It’s hard to understand how different Omani culture is from that in the United States. Everyone knows that women in Oman must dress modestly, but modesty is required of men as well! We were told that we cannot wear shorts outside of our room, and I’ve heard that I will need to wear long sleeves during Ramadan, so I guess I’ll need to buy some clothes! There are also a lot of rules: for example, we cannot leave our compound aside from planned excursions. Some rules are unclear because everything has been in Arabic! I can’t complain about anything though. I’m the foreigner here, and I’ll go with whatever they want for us.
I didn’t start the day of so well… There are a lot of bugs in Oman, and most of you know how I feel about that. Wasps are constantly trying to fly into our bathroom, so of course as soon as I got in to take a shower in the morning one flew in, and I flew out when I saw it. We took care of it though. This will wind up being a good thing I think; it will help me conquer my fear of bugs. In sha’ Allah (god willing).
After that, we took a bus to the actual Sultan Qaboos College for Teaching Arabic to Non-Native Speakers. Yeah, that’s a long name, so I’m just going to call it the College from now on. We met all of the workers there. I’m already bad with names, so I’m even worse at Arabic names. We took a tour of the school, and after that we had about two hours of lectures on various rules and Omani culture (all in Arabic). One interesting cultural rule is that those of the opposite gender do not shake hands when they meet. Then we took a two hour placement test. It was very difficult, but I don’t really mind since I won’t have any fun if I’m not in an appropriate level. We all have different skill levels, so it’s a very good idea to have us split up into classes with equal levels so that people don’t get upset and everyone has equal opportunities to speak.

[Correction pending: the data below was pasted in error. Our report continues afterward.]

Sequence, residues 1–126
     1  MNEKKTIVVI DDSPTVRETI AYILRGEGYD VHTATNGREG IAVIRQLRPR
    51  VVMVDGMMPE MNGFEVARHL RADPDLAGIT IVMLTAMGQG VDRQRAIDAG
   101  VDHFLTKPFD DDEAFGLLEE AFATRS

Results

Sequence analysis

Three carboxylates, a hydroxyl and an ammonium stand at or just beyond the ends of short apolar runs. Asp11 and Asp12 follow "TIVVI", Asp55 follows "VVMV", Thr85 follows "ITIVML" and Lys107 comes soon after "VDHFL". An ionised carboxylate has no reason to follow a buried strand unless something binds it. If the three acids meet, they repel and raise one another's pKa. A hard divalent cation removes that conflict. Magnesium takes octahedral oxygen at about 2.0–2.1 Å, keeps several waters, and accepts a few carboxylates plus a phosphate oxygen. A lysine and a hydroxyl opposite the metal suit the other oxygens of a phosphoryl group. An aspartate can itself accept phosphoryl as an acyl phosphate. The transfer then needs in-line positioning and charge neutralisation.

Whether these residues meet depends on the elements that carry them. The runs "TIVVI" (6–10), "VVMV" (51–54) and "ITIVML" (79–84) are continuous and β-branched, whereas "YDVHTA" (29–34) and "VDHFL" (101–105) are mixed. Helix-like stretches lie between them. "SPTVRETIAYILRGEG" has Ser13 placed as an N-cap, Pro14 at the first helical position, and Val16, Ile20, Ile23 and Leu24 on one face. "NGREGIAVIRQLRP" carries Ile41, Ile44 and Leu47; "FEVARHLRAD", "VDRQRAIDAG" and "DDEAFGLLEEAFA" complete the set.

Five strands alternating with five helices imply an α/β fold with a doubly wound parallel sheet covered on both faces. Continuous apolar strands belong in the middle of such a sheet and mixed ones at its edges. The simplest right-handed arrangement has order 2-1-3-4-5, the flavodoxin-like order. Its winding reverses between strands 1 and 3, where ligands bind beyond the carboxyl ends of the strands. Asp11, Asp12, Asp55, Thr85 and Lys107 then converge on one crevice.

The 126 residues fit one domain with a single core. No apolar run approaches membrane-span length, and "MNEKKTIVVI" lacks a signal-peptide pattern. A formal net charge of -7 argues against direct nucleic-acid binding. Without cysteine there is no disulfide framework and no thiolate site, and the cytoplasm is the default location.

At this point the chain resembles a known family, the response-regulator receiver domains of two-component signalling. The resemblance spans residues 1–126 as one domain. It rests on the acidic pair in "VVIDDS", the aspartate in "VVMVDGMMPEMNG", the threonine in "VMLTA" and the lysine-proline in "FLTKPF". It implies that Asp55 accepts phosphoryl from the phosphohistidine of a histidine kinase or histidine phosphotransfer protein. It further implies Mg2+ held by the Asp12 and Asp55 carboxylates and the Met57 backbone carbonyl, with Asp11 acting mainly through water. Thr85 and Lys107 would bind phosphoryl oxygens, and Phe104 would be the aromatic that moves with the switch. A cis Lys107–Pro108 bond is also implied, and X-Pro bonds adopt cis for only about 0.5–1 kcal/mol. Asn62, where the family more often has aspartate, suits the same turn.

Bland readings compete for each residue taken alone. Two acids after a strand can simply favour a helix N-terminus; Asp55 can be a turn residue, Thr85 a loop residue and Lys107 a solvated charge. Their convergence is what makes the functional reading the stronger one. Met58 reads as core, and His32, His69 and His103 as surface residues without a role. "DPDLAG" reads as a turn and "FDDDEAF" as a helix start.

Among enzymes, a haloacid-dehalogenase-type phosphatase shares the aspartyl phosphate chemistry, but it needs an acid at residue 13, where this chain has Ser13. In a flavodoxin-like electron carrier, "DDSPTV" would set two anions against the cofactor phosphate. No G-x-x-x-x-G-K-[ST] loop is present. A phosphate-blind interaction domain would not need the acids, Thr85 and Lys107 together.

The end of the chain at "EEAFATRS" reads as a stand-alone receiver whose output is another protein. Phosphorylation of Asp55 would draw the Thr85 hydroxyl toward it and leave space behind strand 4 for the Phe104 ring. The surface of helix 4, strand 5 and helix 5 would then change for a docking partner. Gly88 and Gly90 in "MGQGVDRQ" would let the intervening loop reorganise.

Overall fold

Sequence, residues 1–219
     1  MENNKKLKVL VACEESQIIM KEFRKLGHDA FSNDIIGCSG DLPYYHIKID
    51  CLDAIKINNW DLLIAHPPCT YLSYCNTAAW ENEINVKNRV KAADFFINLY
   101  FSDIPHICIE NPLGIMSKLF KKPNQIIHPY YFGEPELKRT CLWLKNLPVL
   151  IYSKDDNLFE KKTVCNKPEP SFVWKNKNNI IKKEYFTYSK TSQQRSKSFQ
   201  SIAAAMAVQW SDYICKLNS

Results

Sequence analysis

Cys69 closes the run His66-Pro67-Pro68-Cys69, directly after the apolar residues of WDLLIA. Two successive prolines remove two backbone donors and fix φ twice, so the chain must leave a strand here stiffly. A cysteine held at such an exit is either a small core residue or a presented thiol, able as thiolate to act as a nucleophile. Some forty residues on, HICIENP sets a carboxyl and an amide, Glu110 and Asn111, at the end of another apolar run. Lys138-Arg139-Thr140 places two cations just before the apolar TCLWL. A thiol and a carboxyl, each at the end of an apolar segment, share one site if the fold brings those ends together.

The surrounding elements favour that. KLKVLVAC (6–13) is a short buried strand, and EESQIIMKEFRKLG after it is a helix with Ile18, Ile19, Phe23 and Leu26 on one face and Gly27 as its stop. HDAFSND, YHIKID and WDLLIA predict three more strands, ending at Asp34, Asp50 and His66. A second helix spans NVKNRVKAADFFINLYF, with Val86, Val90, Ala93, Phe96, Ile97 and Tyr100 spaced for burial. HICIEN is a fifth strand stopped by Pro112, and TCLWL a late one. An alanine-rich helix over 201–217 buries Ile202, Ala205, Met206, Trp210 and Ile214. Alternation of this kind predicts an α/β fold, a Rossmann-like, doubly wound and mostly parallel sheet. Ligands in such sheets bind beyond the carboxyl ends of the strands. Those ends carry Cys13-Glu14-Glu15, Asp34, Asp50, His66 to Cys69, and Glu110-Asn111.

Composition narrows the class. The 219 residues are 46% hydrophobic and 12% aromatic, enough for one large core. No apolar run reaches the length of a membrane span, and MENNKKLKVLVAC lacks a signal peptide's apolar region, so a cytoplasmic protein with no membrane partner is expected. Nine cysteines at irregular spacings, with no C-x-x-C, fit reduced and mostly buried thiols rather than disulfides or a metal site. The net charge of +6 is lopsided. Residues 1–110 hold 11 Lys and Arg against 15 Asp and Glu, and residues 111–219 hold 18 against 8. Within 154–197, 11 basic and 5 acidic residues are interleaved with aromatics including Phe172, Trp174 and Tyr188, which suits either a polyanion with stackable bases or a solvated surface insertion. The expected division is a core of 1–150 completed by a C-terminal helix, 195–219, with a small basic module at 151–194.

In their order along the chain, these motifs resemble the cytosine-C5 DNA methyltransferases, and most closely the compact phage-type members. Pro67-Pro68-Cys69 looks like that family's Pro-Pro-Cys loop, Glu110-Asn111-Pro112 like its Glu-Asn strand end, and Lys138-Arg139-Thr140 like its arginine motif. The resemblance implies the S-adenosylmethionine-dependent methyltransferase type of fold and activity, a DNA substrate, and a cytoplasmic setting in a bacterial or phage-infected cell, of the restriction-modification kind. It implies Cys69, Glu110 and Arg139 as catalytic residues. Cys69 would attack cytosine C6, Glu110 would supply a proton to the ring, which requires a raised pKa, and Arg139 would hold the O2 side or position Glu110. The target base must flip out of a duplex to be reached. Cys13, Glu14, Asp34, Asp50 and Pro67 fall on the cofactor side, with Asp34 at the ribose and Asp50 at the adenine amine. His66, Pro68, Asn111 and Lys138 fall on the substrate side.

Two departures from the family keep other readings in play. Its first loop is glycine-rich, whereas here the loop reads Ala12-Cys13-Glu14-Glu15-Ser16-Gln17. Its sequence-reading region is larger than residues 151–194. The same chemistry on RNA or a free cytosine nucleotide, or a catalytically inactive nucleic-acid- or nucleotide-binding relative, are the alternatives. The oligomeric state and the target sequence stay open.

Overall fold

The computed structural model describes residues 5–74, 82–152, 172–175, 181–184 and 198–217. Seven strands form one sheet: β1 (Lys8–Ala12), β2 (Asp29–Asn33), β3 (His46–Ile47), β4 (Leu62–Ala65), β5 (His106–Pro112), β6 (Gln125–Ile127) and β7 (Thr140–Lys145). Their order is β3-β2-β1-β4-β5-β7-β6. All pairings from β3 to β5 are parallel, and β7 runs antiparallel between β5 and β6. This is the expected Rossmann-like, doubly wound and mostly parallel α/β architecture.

After we went back home, we had a break in the afternoon and then went to visit Manah in the evening. We had a very cool tour. We started with a falaj, which is an Omani underground irrigation system. It’s really a pathway underground for water to flow through. I think the source for this one was about 25 kilometers away. We went to some ruins of a village in Manah around a fort, and then we went to the ruins of another city that are currently being restored. They are not open yet, but we were allowed in! I believe the village we saw then was over 600 years old. Not all of my facts may be accurate because all of the explanations are in Arabic!
It was a fun day, but I’m very tired now.
Also, this was outside my dorm building: